The Saga Continues
WordPressWordPress was borne of initial idea seeding via B2 (Cafelog) in 2001, which was launched by Michael Valdrighi. In 2003, cofounders Matt Mullenweg and Mike Little forked B2 and created WordPress, an Open Source blogging and now content management system estimated to power the largest number of websites of any individual product (20%). Through the largest thriving community of any website management system, WordPress has grown to include theme designers, plugin developers, webmasters and site developers. With the power of participants, WP now can power anything from small individual blogs to large multi-user social communities to business websites. Core contributing developers include Ryan Boren, Mark Jaquith, Matt Mullenweg, Andrew Ozz, Peter Westwood and Andrew Nacin. WordPress has just recently celebrated its 10 year anniversary.
WPCommunityWPCommunity.com was started as an extension of Web Developer Tom Ford who found WordPress in the early days looking for a solution to power a group of large websites that had outgrown their flat HTML infrastructure. Needing more features, WordPress was chosen based on another user who was kind enough to put together a comparison chart of several platforms, with detailed information. The way this individual was able to present this side by side comparison using WordPress ultimately led to giving it a shot...which led to massive experimentation to the different things it could do. The heavy and growing demand for assistance led to offering such, bringing us to today. Tom Ford has contributed to various other development agencies including TC Websites, WPMU.org and WPML. (as well as solving countless technical issues and working through many full website builds).
WORDPRESS 4.1 “DINAH” Version 4.1 of WordPress, named “Dinah” in honor of jazz singer Dinah Washington, is available for download or update in your WordPress dashboard. New features in WordPress 4.1 help you focus on your writing, and the new default theme lets you show it off in style. Introducing Twenty Fifteen Our newest default theme, Twenty Fifteen, is […]
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@dcboswell Please start your own thread.
I've discovered I have the same problem for one of my clients. Can this be fixed without having to do each one manually?
If your site is going public Monday, I strongly suggest that you *not* use an alpha build. Alpha builds are still under activ
- JAN 24, 2015
MATT: IF APPLE MADE MILK
If Apple Made Milk, and Other Super-Cool Imaginary Product Packaging, cool work by the artist Peddy Mergui. (Who uses WordPress.)JAN 23, 2015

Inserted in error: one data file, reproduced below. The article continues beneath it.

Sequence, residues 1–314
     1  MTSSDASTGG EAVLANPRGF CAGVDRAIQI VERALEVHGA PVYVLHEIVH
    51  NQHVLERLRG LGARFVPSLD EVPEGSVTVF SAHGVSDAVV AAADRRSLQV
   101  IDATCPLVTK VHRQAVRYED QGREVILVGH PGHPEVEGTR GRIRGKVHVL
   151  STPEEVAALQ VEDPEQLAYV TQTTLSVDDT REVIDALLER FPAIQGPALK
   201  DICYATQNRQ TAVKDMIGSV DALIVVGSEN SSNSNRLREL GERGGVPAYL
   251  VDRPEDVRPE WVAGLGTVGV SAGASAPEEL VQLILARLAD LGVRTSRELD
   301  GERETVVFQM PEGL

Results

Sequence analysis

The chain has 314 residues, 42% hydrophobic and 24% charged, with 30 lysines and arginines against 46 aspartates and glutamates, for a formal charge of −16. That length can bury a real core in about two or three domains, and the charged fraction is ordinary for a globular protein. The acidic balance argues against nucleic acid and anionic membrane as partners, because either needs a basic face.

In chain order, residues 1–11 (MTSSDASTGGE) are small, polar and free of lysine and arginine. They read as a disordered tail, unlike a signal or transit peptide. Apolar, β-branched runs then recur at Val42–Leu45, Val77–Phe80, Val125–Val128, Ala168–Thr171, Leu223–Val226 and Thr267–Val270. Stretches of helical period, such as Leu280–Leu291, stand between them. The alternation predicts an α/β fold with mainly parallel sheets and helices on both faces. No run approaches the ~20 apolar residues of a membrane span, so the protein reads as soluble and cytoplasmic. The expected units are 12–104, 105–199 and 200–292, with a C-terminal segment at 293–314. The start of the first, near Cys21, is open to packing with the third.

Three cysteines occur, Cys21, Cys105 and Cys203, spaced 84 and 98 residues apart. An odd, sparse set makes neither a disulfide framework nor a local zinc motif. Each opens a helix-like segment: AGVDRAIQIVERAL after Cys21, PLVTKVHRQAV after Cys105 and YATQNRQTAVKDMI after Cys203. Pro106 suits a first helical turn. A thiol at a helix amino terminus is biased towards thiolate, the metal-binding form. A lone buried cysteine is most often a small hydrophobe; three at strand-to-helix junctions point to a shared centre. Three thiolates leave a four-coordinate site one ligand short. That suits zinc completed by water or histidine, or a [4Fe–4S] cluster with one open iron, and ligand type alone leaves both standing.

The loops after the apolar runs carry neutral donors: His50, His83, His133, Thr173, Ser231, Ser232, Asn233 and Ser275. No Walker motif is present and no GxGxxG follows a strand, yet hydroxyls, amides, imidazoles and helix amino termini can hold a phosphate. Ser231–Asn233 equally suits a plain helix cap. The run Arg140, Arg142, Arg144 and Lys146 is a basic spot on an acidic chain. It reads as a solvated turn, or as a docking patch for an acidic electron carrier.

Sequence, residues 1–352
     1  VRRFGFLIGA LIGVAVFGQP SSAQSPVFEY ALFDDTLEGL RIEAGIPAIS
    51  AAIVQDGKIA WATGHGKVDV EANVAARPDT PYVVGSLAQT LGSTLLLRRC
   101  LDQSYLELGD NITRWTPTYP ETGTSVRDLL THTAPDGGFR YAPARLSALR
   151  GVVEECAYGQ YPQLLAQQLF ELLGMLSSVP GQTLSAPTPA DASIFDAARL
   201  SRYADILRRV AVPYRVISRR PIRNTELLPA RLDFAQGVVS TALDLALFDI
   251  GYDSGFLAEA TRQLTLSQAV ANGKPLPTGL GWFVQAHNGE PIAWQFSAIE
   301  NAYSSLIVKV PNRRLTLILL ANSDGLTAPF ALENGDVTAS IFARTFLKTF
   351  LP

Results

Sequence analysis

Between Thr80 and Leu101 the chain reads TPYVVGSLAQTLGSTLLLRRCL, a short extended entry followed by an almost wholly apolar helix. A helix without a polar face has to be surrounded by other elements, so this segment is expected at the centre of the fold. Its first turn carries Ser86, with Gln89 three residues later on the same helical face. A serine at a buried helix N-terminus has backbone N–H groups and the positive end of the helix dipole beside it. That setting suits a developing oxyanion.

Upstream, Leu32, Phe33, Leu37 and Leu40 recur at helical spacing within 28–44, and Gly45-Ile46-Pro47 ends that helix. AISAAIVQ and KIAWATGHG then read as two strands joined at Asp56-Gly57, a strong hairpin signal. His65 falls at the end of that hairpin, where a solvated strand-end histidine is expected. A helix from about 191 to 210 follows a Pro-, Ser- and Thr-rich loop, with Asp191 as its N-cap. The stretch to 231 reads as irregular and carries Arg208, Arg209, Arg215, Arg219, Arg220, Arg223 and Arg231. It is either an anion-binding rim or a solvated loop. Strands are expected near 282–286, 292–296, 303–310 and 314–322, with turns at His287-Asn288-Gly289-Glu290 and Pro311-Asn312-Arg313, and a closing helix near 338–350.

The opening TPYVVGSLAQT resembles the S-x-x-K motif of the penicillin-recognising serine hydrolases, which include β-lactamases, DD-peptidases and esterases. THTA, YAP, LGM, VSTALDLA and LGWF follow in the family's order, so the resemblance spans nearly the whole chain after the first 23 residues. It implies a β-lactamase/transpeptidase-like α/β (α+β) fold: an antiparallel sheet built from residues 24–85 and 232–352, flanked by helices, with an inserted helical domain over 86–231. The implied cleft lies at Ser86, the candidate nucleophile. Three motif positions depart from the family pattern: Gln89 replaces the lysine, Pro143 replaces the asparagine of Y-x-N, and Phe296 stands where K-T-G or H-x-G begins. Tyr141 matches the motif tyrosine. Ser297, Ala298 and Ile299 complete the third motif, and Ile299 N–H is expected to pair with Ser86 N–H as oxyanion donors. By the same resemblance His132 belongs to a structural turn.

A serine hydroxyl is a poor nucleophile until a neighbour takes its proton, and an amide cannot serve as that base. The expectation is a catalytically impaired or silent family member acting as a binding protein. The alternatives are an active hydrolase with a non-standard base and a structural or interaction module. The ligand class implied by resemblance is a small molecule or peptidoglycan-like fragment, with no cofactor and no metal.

WPTAVERN: ACKNOWLEDGE ME PLUGIN OUTPUTS A GITHUB REPOSITORY’S CONTRIBUTORS
Open source projects often struggle with finding practical ways to recognize contributors. Although most contributors aren’t in it for the recognition, it’s nice for project leaders to have a way to showcase who is behind the work. The relative number of contributors on a project is often a good indicator of how many people are ultimately committed to its success.
The plugin’s shortcode is configurable, so you can set the owner (the user name or organization name for the repo), the repo name, and optionally add a header and limit the number of contributors to display.
[acknowledge_me owner="pods-framework" repo="pods" header_text="Pods Is Brought To You By:" total="50"]
The output will generally look the same, no matter what theme you have activated. However, you may need to tweak some of the CSS in the event that the yellow mousover overlay doesn’t line up. When hovering over individual contributors, the plugin displays the number of contributions and links to the user’s GitHub profile.
I tested the plugin with a sample repo and found that it works as advertised and also responds nicely to various screen sizes.
If the layout looks familiar, that’s because the Acknowledge Me plugin is based on the Underscores.me website, which showcases folks who have contributed to the starter theme. Underscores.me is a essentially a live demo of what this plugin does.
At the moment, you cannot show contributors for a specific version, as this isn’t something that the GitHub API supports in its responses for listing contributors. The default output lists contributors to a specified repository, sorted by the number of commits per contributor in descending order.
If you have a website dedicated to your project or you simply want to feature contributors in a blog post, the Acknowledge Me plugin gives you an easy way to do that. You can install it via WordPress.org.